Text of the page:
INSUFFICIENT

No head-to-head evidence met inclusion criteria; unable to draw conclusions on the comparative harms of biologic DMARD + oral DMARD and other treatments.
INSUFFICIENT

Biologic

No head-to-head trials met inclusion criteria; unable to draw conclusions on the comparative efficacy of biologics and other treatments.
INSUFFICIENT
Compared with placebo, adalimumab, etanercept, golimumab, and infliximab led to greater improvement in disease activity, functional capacitya and health-related quality of life.b
LOW to MODERATEc

Etanercept had a lower rate of withdrawals because of adverse events than infliximab in a prospective cohort study.
LOW
Additional evidence was limited to placebo-controlled trials, where adverse events were not the primary outcome. Overall adverse event profiles appeared to be similar for biologic DMARDs and placebo. However, compared with placebo, we noted the following: adalimumab and etanercept had more injection-site reactions and adalimumab had fewer events of aggravated psoriasis than placebo
LOW
Golimumab was associated with more malignancies than placebo in one RCT
INSUFFICIENT

aOf seven studies reporting outcomes for the Health Assessment Questionnaire (HAQ), the magnitude of benefit in functional capacity compared with placebo reached the MCID (HAQ change of ≥ 0.22) for all but one study of adalimumab (which found a between-group difference of 0.2).7 The magnitude of benefit for functional capacity (between-group difference for improvement in HAQ) ranged from 0.2 to 0.3 for adalimumab, 0.5 to 1.1 for etanercept, 0.34 to 0.4 for golimumab, and 0.4 to 0.6 for infliximab.
bThe magnitude of benefit in quality of life reached the MCID for the SF-36 PCS for all five studies that reported the PCS and ranged from 2.9 to 7.9 for adalimumab, 8.6 for etanercept, 5.9 to 7.2 for golimumab, and 6.4 to 8 for infliximab.
CLow for golimumab and moderate for adalimumab, etanercept, and infliximab.
Abbreviations: ACR 20 = American College of Rheumatology 20 percent improvement from baseline to endpoint; ADA = adalimumab; DMARD = disease-modifying antirheumatic drug; ETN = etanercept; INF = infliximab; LEF = leflunomide, MCID = minimal clinically important difference; MTX = methotrexate; PCS = physical component score; SF-36 = Medical Outcomes Study Short Form 36; SSZ = sulfasalazine; TNF = tumor necrosis factor

Overall, the data are quite limited and the evidence is insufficient to draw firm conclusions on comparative efficacy, effectiveness, and harms of either oral or biologic DMARDs in this condition. Table B gives a range for effect sizes for commonly reported measures, including the American College of Rheumatology 20 percent improvement from baseline to endpoint (ACR 20), the Health Assessment Questionnaire (HAQ), and Medical Outcomes Study Short Form 36 Physical Component Score (SF-36 PCS). For the oral DMARDs, including sulfasalazine and methotrexate, sparse data are available.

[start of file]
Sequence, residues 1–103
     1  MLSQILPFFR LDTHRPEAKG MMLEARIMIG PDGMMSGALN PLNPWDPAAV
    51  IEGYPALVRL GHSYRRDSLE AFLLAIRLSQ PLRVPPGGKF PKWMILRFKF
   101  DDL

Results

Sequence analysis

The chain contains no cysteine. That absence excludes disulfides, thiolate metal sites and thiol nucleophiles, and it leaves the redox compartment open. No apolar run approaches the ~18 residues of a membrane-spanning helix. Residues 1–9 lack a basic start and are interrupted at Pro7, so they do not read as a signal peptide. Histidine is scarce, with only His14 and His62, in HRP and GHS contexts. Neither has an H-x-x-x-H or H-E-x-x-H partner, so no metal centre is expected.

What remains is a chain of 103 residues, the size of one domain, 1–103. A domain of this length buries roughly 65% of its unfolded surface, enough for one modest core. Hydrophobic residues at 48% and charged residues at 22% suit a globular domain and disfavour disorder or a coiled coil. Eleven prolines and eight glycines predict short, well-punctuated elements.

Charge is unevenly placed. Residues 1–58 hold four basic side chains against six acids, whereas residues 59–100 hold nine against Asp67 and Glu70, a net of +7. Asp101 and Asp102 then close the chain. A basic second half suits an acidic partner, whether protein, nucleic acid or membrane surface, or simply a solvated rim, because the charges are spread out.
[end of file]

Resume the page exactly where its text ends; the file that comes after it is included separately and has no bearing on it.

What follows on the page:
Table B. Comparison of effect sizes* from placebo-controlled trials for ACR 20, HAQ, and SF-36 PCS by drug
Drug Studies/Participants ACR 20
(% of Subjects Achieving)
HAQ
(Mean Improvement)
SF-36 PCS
(Mean Improvement)
Oral DMARDs

Leflunomide

1 RCT/ 190

36

0.14

NR

Methotrexate

1 RCT/ 37

NR

NR

NR

Sulfasalazine

1 SER/ 1,022

NR

NR

NR

Biologic DMARDS

Adalimumab

2 RCTs/ 415

39 to 57

0.2 to 0.3

2.9 to 7.9

Etanercept

3 RCTs/ 633

59 to 65

0.5 to 1.1

8.6

Golimumab

1 RCT/ 405

45 to 51

0.34 to 0.4

5.9 to 7.2

Infliximab

2RCTs,1SER/ 673

58 to 62

0.4 to 0.6

6.4 to 8

*Effect sizes represent the range of point estimates from individual studies for the absolute difference between drug and placebo. Minimally Clinically Important Differences (MCIDs): ACR 20 is 20% minimal improvement;ACR 50/70 considered more clinically significant; HAQ >=0.22 change, SF36 PCS>= 2 standard error of the mean (SEM).

Abbreviations: ACR 20 = American College of Rheumatology 20 percent improvement from baseline to endpoint; HAQ = Health Assessment Questionnaire; PCS = physical component score; SF-36 = Medical Outcomes Study Short Form 36; RCT = Randomized controlled trial; SER = systematic evidence review.

Discussion

No head-to-head controlled trials meeting inclusion criteria existed for any drugs in this review for treating patients with PsA. Two cohort studies with low strength of evidence indicated that the combination of an anti-tumor necrosis factor (TNF) (adalimumab, etanercept, or infliximab) with methotrexate (MTX) only was not different in treatment response5,6 than treatment with anti-TNF only.

For the oral DMARDs, including sulfasalazine and methotrexate, the sparse data available involved placebo comparisons. For biologic DMARDs, evidence supported the efficacy of adalimumab, etanercept, golimumab, and infliximab for the treatment of PsA when compared to placebo.7-17 Qualitatively, these biologic DMARDs appeared to achieve similar ACR 20, HAQ, and SF-36 PCS scores in these trials (Table B). However, findings should be interpreted cautiously given these were not head-to-head trials. Evidence was insufficient to draw firm conclusions about the comparative efficacy, effectiveness, functional status, health-related quality of life, or tolerability of abatacept, adalimumab, anakinra, certolizumab, golimumab, etanercept, infliximab, rituximab, and tocilizumab for treating PsA.

Information generally was insufficient for the comparative harms, tolerability, adverse events, and adherence for patients with PsA. The available studies included two relatively small prospective cohort studies and placebo-controlled studies; no head-to-head studies meeting inclusion criteria have been published.